Great Reads: Just for Fun

April 18, 2017 | Book Buzz

Comments (0)

Great Reads is a series of posts featuring recent books that are highly recommended by Toronto Public Library staff.

These quirky and engaging reads may not solve the world's problems, but they might take your mind off them for a little while.

Born weird  

Born Weird by Andrew Kaufman Maple leaf

A quirky tale steeped in magical realism, this Canadian novel follows Angie Weird, as she races against the clock to gather her far-flung siblings in time for their grandmother's death so that she can lift the blessings-turned-curses from the five of them.

Regular Print
eBook

     
Carsick  

Carsick by John Waters

Join trash culture icon, John Waters, on a sweet and funny ride as he hitchhikes across America. Creepy moustache aside, he is a charming, curious and compassionate travelling companion.

Regular Print
Audiobook
eAudiobook
eBook
Talking Book (Restricted to Print Disabled patrons)

     
Delicious  

Delicious by Ruth Reichel

Billie Berlin, secret baker extraordinaire, accepts her first writing job at Delicious, a food magazine in New York City and tries to overcome the pain of her past. Reichel was editor of Gourmet magazine.

Regular Print
Audiobook
eAudiobook
eBook
Large Print
Talking Book (Restricted to Print Disabled patrons)

     
How about never  

How about Never – Is Never Good for You?: My Life in Cartoons by Robert Mankoff

The cartoon editor for The New Yorker describes his life as as young cartoonist trying to get published, as well as his observations on how the choice of cartoons printed in the magazine has been a reflection of the shift in editors' styles over the years. Along the way, he share scores of the magazine's best cartoons.

Regular Print
eBook

     
Love bomb  

Love Bomb by Lisa Zeidner

An unidentified guest in a wedding dress and gas mask, armed with a rifle and bomb crashes a wedding. Lisa Zeidner's audacious novel begins as a hostage drama and blossoms into a far-reaching tale about the infinite varieties of passion and heartbreak.

Regular Print

     
Mr penumbra's  

Mr. Penumbra's 24-Hour Bookstore by Robin Sloan

A fun romp about books, puzzles, secret societies and the clash of old and new, Mr. Penumbra's 24-Hour Bookstore is sure to delight the young and old alike.

Regular Print
Audiobook
eAudiobook
eBook
Talking Book (Restricted to Print Disabled patrons)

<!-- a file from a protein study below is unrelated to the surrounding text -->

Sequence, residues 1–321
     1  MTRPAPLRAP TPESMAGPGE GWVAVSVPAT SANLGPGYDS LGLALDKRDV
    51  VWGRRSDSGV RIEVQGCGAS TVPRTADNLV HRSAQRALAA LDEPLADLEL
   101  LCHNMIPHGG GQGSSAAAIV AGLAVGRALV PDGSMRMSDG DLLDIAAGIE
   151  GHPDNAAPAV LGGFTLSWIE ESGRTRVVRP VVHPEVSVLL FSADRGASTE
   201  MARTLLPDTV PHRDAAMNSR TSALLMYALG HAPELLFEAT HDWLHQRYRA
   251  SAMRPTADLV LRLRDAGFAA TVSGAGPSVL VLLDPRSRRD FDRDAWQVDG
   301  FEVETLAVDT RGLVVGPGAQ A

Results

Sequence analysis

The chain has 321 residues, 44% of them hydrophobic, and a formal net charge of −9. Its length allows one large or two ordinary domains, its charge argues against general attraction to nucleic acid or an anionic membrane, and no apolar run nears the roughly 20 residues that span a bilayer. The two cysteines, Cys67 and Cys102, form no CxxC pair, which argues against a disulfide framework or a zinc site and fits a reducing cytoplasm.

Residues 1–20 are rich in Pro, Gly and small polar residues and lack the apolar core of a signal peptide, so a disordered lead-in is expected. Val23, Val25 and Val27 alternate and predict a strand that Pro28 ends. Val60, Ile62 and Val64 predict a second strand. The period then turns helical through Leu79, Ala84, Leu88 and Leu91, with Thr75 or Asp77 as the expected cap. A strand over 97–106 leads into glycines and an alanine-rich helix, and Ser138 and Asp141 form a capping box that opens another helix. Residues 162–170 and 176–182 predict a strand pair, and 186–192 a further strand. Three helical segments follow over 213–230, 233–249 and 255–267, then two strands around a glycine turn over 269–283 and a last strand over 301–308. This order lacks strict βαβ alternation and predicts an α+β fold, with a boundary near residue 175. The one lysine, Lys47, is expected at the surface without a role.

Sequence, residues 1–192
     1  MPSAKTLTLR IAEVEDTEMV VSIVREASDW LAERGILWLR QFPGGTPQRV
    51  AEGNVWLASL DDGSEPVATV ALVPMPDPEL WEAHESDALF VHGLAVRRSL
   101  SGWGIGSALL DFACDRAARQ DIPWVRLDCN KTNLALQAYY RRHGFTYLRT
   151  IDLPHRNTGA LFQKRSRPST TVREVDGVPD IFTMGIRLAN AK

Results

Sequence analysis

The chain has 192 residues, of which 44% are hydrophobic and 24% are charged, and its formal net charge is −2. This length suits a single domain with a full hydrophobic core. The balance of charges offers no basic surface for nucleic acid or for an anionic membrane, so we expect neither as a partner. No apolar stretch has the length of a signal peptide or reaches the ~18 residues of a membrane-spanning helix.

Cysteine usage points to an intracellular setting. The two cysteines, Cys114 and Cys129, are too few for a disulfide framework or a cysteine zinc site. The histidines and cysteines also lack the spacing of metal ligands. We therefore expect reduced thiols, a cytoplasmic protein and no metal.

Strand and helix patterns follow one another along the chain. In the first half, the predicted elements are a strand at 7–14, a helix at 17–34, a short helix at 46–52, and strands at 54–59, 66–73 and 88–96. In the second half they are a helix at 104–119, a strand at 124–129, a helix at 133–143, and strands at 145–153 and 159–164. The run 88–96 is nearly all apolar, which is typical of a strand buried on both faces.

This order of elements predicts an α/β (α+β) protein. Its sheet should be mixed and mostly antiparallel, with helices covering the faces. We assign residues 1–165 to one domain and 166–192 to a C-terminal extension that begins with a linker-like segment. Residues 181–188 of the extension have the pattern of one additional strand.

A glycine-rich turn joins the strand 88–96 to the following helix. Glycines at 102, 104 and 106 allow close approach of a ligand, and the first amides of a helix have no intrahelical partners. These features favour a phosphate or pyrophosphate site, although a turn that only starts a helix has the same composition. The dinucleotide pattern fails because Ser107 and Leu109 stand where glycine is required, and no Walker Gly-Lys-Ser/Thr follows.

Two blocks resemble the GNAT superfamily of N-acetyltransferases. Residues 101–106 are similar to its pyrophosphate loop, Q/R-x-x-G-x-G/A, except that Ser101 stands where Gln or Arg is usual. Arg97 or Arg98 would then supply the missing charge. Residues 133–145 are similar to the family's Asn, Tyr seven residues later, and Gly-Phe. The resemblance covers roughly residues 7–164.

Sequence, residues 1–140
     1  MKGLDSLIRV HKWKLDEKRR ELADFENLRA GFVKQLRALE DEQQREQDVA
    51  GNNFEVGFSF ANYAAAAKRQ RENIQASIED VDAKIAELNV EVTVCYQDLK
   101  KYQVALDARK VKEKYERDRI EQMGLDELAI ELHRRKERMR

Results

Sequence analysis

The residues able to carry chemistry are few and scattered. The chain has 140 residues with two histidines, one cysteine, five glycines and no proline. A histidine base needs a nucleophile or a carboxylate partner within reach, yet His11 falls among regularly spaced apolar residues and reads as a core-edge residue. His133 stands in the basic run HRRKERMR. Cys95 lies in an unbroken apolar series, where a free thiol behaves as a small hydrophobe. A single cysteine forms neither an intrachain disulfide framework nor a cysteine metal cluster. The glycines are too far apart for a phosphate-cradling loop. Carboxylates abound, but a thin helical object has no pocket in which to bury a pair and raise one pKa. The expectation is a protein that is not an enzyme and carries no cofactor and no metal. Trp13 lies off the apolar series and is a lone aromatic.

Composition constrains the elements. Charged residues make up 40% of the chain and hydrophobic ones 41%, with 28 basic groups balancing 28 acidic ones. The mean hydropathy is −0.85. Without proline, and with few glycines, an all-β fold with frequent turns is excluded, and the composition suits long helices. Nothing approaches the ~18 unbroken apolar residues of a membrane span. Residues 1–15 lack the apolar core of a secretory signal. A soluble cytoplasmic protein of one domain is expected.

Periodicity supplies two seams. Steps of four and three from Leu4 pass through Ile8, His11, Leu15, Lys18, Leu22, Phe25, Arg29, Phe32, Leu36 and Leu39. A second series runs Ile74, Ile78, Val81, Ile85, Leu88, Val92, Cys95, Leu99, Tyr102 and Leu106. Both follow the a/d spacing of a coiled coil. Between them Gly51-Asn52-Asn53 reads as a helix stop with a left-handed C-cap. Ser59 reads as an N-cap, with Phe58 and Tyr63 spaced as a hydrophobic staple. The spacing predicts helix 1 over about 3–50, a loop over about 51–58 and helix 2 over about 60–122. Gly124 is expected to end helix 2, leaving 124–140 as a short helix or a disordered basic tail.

Seconds  

Seconds by Bryan Lee O'Malley Maple leaf

Ambitious chef Katie is about to turn 30 and seems stuck in a rut when a punkish house spirit offers her the chance to turn back time and correct her old mistakes. Not content with simply repairing her life, she tries to hone it to perfection. But, erasing your mistakes instead of learning from them has its own set of consequences. This is the latest graphic novel from the creator of Scott Pilgrim.

Regular Print

     
Spoiled brats  

Spoiled Brats: Stories by Simon Rich

The first-world problems and preoccupations of millennials are skewered in this breezy selection of humourous short stories.

Regular Print
eAudiobook
eBook

     
Sweetness 9  

Sweetness #9 by Stephan Eirik Clark

When flavour chemist David Leveraux lands a job conducting animal testing for a new sweetener, he becomes concerned about its effects on lab animals. Despite his reservations, Sweetness #9 is released and the American public adore it. As people consume mass quantities of the sweetener, David's guilt grows when he connects Sweetness #9 to learning disabilities and health problems. A delicious combination of social satire and corporate thriller. 

Regular Print
eAudiobook
eBook

     
Where'd you go  

Where'd You Go, Bernadette? by Maria Semple

Seattle is the locale for Bernadette Fox, an agoraphobic, revolutionary architect devoted to daughter Bee and her Microsoft guru husband, but less beloved by neighbors. When she disappears before an impending trip to Antarctica, Bee sets out to find her.

Regular Print
Audiobook
eAudiobook
eBook
Large Print
Talking Book (Restricted to Print Disabled patrons)

Other Posts in the Great Reads series:

Comments